“I’ve always felt it was extremely important to set goals for yourself. After the 1967 season, our entire staff was fired at South Carolina where I was an assistant. My wife bought me a book entitled The Magic of Thinking Big by David Schwartz. So I sat down and made a list of all the things I still wanted to accomplish in life, and there were 107 of them. Some of them involved traveling, some of them were a little crazy, some I’ll never reach – I don’t know if I’m ever going to learn a foreign language. I’m not going to be a scratch golfer. Some of them have happened, like appearing on The Tonight Show and being invited for dinner at the White House. But my life changed after I made that list. I think I’ve accomplished 95 of them.” Always, entertaining, I’ve found this quote from Lou Holtz to be very inspiring. Many folks I know don’t have this kind of courage and fortitude.
When you write down your goals they suddenly become real. For most folks, the process of sitting down and writing out your goals can be motivating. Written goals help mentally solidify concepts and they become real. In many ways, it gives individuals a reason to get up and get out of bed. Without goals that same person might drift from one thing to another, not really doing anything out of the ordinary. We need clear goals and responsibilities to help us achieve. Without goals we become just another average person.
Proof of this came in study by Gail Matthews, Written Goal Study Dominican University. His findings confirm that people with written goals, shared this information with a friend, and sent weekly updates to that friend were on average 33% more successful in accomplishing their stated goals than those who merely formulated goals.
Written goals can be scary. I’ve met many people who seem terrified by the prospect of having to put their goals in writing. Until the goal is written down, it is just their idea–something only they have an interest in. If they don’t reach it, they’ll be the only one to know. In effect, it is acceptable for them to fail if they are the only one to know they didn’t reach their goals. Writing down a goal and missing it might cause some else to view them as a failure. Amazingly, this becomes motivational as well. The group with the best results wrote down their goals and then shared the goal and the result with someone else.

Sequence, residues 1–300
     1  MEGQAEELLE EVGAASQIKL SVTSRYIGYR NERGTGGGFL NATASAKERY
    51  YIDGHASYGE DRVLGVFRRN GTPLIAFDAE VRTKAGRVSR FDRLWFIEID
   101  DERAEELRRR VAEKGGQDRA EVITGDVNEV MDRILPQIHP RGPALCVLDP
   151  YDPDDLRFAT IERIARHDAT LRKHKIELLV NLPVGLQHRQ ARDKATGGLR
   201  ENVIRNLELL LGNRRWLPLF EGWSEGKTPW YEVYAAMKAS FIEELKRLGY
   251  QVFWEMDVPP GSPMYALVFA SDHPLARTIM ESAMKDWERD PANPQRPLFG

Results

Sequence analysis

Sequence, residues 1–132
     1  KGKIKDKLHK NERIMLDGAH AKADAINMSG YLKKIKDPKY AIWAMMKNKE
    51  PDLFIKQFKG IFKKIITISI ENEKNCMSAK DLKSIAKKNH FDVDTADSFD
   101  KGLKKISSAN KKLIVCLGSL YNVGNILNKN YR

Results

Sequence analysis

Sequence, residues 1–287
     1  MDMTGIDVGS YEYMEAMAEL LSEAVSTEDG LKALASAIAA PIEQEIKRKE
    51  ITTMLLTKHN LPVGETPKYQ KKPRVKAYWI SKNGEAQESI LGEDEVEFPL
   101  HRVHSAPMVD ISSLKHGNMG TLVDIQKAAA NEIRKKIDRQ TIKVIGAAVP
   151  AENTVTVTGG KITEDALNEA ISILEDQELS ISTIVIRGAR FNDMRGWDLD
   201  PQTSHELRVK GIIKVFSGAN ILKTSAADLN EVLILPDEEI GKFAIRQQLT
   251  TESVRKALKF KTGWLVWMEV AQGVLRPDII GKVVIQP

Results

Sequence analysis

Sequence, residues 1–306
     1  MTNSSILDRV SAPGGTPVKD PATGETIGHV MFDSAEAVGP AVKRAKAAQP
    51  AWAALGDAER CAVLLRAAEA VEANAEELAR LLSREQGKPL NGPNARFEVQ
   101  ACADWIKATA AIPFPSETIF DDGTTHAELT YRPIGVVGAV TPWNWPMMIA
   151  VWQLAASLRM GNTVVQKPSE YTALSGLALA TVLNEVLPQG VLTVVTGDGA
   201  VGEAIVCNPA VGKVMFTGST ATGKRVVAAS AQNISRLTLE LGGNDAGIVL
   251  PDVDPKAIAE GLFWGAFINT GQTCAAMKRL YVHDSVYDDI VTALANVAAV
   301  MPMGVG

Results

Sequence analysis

For business owners, written goals are critical as well. Have you written down your goals for 2010? How did you do in 2009? For most companies, 2009 was very difficult. However, one of my clients established a list of potential clients for 2009. This list was posted on a simple whiteboard in the office of the president. As each customer was added, a check mark was placed by their name. By the end of November, a check mark was next to every name on that list. I am convinced by placing that list in a position of prominence, it kept the president and the organization focused on meeting their goals. Their work, done in 2009, will set up a very prosperous 2010 for this company.
As business people, creation of a business plan with written goals and smaller objectives helps divide our projects into increments that can be achieved. For most business owners, one of the most important relationships is with their banker. A written plan that is shared with the bank helps both the company and the banker. The banker will be able to refer to the plan and use it to measure the success of the firm. In effect, sharing the plan has the effect on the management of the company of making the plan real. That reality will push the company to take the steps necessary to be successful. Instead of focusing on small day to day issues, the focus stays on meeting those objectives that are necessary to meet the larger corporate goals.
At B2B CFO® we appreciate the opportunity to help companies meet their goals. Feel free to contact me at email@example.com.